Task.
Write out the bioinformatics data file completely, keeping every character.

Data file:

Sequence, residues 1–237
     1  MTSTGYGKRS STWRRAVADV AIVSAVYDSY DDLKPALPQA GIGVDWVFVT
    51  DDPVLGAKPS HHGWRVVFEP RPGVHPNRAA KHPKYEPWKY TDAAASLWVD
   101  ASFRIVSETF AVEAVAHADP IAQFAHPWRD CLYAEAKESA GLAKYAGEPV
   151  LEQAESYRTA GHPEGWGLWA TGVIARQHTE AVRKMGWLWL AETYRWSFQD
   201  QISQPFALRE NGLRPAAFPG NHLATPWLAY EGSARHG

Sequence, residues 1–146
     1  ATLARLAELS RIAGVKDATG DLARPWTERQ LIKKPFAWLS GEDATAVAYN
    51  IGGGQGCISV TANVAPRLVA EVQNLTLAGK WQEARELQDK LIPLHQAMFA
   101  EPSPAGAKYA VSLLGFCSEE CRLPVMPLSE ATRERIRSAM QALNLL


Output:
Sequence, residues 1–237
     1  MTSTGYGKRS STWRRAVADV AIVSAVYDSY DDLKPALPQA GIGVDWVFVT
    51  DDPVLGAKPS HHGWRVVFEP RPGVHPNRAA KHPKYEPWKY TDAAASLWVD
   101  ASFRIVSETF AVEAVAHADP IAQFAHPWRD CLYAEAKESA GLAKYAGEPV
   151  LEQAESYRTA GHPEGWGLWA TGVIARQHTE AVRKMGWLWL AETYRWSFQD
   201  QISQPFALRE NGLRPAAFPG NHLATPWLAY EGSARHG

Sequence, residues 1–146
     1  ATLARLAELS RIAGVKDATG DLARPWTERQ LIKKPFAWLS GEDATAVAYN
    51  IGGGQGCISV TANVAPRLVA EVQNLTLAGK WQEARELQDK LIPLHQAMFA
   101  EPSPAGAKYA VSLLGFCSEE CRLPVMPLSE ATRERIRSAM QALNLL